Last spring we lost our two music teachers, Jordan Doolittle and Kandace Wartes. We felt joy for their new adventures and sorrow for our loss. Headmaster Ryan Evans wondered who could replace such great teachers and still maintain the quality of the program. He did not need to look far. God had already prepared someone to take up their mantle.
Jodi Salzman stepped into the world of music as a ten-year-old girl when she picked up the only instrument she had heard of, a clarinet. Through a connection of her mother’s, Jodi met John Fritz, who played Principal Clarinet for the Spokane Symphony. John became Jodi’s clarinet teacher and beloved mentor.
Jodi recalls, “I didn’t know that I loved music until I studied clarinet with John. His style of teaching tapped into my creative side. He used images—like a falling leaf—with the music. When I played, I felt like I was playing to a film.” Jodi listened to great musicians, visited symphony rehearsals, and participated in music competitions around town.
Jodi earned bachelor degrees from the University of Washington in Music Performance and Applied Music in Clarinet and Orchestral Instruments. She recalls, “I realized that I didn’t want to spend the rest of my life playing in the orchestra pit for Phantom of the Opera.” She continued her studies at Northwest University in Chicago, where she earned a master in Clarinet and began course work in Education. At Western Washington University, Jodi completed a Music Education Work degree and became certified to teach general, choral, and instrumental music to K-12 students.
Armed with her degrees, Jodi began a sixteen-year journey in the Northshore Public Schools where she taught band, orchestra, choir, and general music. When her daughter Hannah was born, she stepped away from teaching to be home with her, but returned to the District two years later in part-time roles.
During these years Jodi also traveled and taught abroad with her husband Tim, who is the Conductor of Wind Ensemble and Concert Bands for the University of Washington. Jodi and Tim travelled together to teach music in Japan, China, and the Philippines. Of all their travels, a highlight for Jodi was their trip to Manila in 2012. On previous trips, Tim had been the one invited and Jodi had come as a guest teacher and conductor. In the Philippines, though, she “was the one invited and Tim came along.” On this trip, Jodi served as the director of the Southeast Asia Middle School Honor Band and conducted an intensive training session for students.
In 2013 Jodi was ready to return to full-time work—just when Providence needed another grammar school teacher. Jodi switched from music specialist in the public schools to 5th grade teacher at Providence, where she remained for the next two years. At Providence Jodi found a curriculum she could fully embrace. She appreciated the rigor of the classical Christian model, and its view to develop students’ abilities to their highest potential. She was also thankful for the opportunity to be at school with her daughter.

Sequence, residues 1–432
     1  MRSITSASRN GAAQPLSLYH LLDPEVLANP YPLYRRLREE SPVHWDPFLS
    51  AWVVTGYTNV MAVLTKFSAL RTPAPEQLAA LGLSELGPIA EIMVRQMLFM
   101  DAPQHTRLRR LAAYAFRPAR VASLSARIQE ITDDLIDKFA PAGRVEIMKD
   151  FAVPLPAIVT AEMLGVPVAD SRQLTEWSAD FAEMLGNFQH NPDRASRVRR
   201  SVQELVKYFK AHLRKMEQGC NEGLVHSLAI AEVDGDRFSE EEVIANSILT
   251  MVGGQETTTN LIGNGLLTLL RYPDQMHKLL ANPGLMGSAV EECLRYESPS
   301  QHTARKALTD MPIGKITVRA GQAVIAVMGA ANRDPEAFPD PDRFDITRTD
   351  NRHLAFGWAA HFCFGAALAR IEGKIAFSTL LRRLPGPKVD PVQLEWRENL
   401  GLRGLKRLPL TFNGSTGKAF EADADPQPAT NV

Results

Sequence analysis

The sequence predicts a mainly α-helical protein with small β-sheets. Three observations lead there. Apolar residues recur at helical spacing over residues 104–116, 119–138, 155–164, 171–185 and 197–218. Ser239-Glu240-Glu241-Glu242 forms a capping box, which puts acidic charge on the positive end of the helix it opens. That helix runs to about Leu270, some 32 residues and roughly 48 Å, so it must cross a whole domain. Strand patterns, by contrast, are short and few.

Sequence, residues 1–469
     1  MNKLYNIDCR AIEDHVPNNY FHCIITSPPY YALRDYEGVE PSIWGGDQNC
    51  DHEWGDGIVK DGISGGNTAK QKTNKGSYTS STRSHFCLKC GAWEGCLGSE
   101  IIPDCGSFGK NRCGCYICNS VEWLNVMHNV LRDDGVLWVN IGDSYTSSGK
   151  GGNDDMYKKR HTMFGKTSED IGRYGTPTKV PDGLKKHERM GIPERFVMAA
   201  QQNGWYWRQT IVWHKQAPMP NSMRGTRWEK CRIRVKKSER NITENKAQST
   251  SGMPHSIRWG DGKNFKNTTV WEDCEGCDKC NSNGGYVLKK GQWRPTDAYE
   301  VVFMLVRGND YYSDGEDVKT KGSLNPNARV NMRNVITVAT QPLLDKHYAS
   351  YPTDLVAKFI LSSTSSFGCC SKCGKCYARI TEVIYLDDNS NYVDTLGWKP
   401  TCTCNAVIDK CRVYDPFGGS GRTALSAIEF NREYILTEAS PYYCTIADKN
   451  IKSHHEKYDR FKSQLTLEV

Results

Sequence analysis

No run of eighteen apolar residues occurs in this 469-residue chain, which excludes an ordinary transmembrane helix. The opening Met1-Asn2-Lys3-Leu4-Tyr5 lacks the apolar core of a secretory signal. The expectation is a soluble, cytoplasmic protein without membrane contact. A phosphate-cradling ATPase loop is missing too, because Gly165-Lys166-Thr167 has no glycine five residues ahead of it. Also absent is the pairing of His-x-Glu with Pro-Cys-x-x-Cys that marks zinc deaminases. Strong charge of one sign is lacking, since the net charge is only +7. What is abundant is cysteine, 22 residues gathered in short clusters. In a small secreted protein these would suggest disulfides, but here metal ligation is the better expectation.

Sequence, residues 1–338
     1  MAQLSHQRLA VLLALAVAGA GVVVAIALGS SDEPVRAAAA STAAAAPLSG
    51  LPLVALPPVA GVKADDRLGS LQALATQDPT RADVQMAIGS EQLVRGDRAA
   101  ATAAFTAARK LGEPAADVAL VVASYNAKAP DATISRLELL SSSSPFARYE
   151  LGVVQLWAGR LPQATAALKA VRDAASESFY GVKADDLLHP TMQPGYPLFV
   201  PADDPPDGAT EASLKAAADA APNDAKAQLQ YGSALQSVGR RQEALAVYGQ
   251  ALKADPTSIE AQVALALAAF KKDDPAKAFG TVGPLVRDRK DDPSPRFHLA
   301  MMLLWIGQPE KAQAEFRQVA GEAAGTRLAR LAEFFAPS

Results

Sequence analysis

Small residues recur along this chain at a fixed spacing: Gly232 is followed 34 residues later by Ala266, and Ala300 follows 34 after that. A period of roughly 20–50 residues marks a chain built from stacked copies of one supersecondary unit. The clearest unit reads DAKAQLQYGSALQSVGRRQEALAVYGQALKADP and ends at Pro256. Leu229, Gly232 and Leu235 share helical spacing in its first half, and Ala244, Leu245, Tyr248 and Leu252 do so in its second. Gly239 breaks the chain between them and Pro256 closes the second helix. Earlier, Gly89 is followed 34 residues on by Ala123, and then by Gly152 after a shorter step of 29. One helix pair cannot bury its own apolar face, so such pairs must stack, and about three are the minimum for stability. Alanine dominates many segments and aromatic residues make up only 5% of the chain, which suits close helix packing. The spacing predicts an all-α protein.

When a leaf falls it can symbolize many things, but as it lies on the ground we think of endings. For the tree, though, it is not the end. It is simply a season of quiet. When Jodi shifted to teach 5th grade, it was not the end of her musical journey.
Change came in the spring of 2015, when the music position opened. Jodi, already part of the Providence staff and superbly prepared, picked up where the previous teachers left off. Recalling his interview with Jodi, Headmaster Ryan Evans says, “It quickly became evident that she would be the perfect fit. When we had finished, we all looked at each other and thought—slam dunk, she’s in.”
Notes We Sing
The main character in the movie The Sound of Music, Fräulein Maria, teaches music with a method called solfege. Although Providence students have not danced through Kirkland in song like the von Trapps, they also study solfege. Developed by composer Zoltan Kodaly, solfege teaches pitch and sight singing through the use of a unique musical alphabet. Using this system, Providence students “start at the very beginning”—with do, re, mi. Once they learn to apply the solfege alphabet to songs, they transition into the standard musical alphabet of A-G. The transition occurs in fourth grade with the introduction of instruments. The Kodaly method “goes along with a child’s development,” music teacher Jodi Salzman says, and beautifully matches the classical model. Later, in the secondary years, Providence incorporates music history and theory into the curriculum.
“When you know the notes to sing, you can sing most…anything!”
-Maria von Trapp in The Sound of Music
Did you know?
Solfege uses a musical alphabet with seven syllables for letters–do, re, mi, fa, sol, la, and ti.
In 1935 Hungarian composer Zoltan Kodaly developed solfege specifically to teach music to children.
In some countries solfege is taught at the university level as well as the grammar.
-Published in Terra Firma, Spring 2016